What is a Profit & Loss Consolidation Report for a Distribution Company?

Profit & loss (P&L) consolidation reports are considered important month-end analysis tools for multi-entity distribution companies and are used by the office of finance to provide executives with a side-by-side and consolidated view of their business units. Some of the main functionality in this type of report is that it dynamically lists subsidiaries across the columns with an aggregate total in the far right column. The user can run the report for any month and scenario (actual, budget or forecast). The rows show account level revenues, expenses and profit figures along with sub-totals. You find an example of this type of report below.

Purpose of Profit & Loss Consolidating Reports

Distribution businesses use Profit & Loss Consolidating Reports to help executives benchmark the financial results of their business units as well as analyze consolidated figures. When used as part of good business practices in Financial Planning & Analysis (FP&A) departments, a company can improve its corporate-level decisions and agility, and it can reduce the chances that individual subsidiary performance issues go unnoticed in corporate meetings or during self-service analysis.

Profit & Loss Consolidating Report Example

Here is an example of a Consolidating Profit & Loss Report.

Example of a Profit & Loss Consolidation Report for a Distribution Company

Example of a Profit & Loss Consolidation Report for a Distribution Company

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Who Uses This Type of Report?

The typical users of this type of report are: Boards, executive teams, CFOs and controllers.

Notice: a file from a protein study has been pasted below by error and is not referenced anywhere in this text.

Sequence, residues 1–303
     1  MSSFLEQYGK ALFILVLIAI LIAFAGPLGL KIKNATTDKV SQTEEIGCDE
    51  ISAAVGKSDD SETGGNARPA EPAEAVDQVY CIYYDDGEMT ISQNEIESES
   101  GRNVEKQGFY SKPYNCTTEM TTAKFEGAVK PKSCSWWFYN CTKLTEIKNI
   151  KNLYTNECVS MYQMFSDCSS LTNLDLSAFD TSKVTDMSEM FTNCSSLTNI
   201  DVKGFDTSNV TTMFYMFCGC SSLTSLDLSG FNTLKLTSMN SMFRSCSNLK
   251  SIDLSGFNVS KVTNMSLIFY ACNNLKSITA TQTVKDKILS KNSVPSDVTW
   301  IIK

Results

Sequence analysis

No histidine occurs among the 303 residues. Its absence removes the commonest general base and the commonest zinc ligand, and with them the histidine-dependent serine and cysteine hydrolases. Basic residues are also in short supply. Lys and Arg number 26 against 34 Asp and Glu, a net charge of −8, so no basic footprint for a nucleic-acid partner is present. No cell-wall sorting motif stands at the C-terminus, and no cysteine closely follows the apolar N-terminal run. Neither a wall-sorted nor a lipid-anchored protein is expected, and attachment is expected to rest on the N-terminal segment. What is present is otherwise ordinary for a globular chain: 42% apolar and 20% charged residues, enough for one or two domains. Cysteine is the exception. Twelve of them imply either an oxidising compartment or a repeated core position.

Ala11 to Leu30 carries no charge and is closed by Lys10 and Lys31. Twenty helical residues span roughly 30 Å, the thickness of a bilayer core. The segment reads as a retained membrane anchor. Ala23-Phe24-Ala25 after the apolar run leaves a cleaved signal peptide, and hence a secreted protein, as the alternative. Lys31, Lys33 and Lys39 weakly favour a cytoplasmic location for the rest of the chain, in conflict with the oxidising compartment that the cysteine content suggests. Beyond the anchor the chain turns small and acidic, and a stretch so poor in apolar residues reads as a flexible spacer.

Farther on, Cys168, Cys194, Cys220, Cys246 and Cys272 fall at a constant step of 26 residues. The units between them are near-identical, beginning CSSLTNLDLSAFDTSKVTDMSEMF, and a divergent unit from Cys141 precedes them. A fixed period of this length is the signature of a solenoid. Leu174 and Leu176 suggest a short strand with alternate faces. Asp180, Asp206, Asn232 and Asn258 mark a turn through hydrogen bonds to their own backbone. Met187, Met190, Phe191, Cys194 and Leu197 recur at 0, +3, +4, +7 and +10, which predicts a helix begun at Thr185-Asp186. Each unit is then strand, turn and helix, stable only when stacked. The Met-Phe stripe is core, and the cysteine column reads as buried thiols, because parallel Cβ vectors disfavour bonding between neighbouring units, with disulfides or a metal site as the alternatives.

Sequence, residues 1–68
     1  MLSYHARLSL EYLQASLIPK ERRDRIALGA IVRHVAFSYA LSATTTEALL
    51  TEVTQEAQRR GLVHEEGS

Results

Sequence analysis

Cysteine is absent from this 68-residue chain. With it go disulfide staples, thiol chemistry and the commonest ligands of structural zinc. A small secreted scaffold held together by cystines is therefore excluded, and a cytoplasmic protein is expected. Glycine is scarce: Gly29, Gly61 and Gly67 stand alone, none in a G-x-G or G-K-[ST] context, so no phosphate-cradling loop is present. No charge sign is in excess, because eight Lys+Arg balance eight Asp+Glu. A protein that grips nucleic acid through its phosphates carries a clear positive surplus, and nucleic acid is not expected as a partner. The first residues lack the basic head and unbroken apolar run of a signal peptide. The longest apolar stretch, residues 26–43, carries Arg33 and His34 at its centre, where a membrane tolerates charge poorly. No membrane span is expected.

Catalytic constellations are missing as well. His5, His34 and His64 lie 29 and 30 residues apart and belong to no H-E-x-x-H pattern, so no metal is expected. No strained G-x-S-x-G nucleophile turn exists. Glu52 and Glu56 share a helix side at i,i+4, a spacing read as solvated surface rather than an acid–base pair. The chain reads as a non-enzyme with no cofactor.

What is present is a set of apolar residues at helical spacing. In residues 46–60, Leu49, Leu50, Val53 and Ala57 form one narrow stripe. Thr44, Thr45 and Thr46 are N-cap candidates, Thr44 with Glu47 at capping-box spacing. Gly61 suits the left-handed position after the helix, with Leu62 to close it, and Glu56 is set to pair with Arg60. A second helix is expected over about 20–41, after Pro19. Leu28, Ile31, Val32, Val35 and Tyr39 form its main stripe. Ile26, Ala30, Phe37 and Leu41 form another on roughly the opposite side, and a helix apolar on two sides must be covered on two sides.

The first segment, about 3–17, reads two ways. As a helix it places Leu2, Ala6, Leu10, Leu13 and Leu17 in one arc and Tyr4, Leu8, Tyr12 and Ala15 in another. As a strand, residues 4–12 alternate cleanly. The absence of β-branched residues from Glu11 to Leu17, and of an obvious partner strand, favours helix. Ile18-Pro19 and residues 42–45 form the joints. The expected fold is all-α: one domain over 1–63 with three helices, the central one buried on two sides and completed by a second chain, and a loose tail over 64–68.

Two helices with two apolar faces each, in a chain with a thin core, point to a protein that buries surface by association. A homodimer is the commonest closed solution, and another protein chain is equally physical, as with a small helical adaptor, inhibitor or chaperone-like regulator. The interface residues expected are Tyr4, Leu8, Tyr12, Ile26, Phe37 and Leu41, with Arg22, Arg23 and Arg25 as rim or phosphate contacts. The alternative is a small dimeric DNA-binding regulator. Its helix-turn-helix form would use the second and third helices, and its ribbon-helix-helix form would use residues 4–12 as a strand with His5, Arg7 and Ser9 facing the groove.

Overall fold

Other Reports Often Used in Conjunction with Profit & Loss Consolidating Reports

Progressive Financial Planning & Analysis (FP&A) departments sometimes use several different Profit & Loss Consolidating Reports, along with  P&L trend reports, balance sheets and cash flow statements, financial KPI dashboards and other management and control tools.

Where Does the Data for Analysis Originate From?

The Actual (historical transactions) data typically comes from enterprise resource planning (ERP) systems like: Microsoft Dynamics 365 (D365) Finance, Microsoft Dynamics 365 Business Central (D365 BC), Microsoft Dynamics AX, Microsoft Dynamics NAV, Microsoft Dynamics GP, Microsoft Dynamics SL, Sage Intacct, Sage 100, Sage 300, Sage 500, Sage X3, SAP Business One, SAP ByDesign, Acumatica, Netsuite and others.

In analyses where budgets or forecasts are used, the planning data most often originates from in-house Excel spreadsheet models or from professional corporate performance management (CPM/EPM) solutions.

What Tools are Typically used for Reporting, Planning and Dashboards?

Examples of business software used with the data and ERPs mentioned above are:

  • Native ERP report writers and query tools
  • Spreadsheets (for example Microsoft Excel)
  • Corporate Performance Management (CPM) tools (for example Solver)
  • Dashboards (for example Microsoft Power BI and Tableau)

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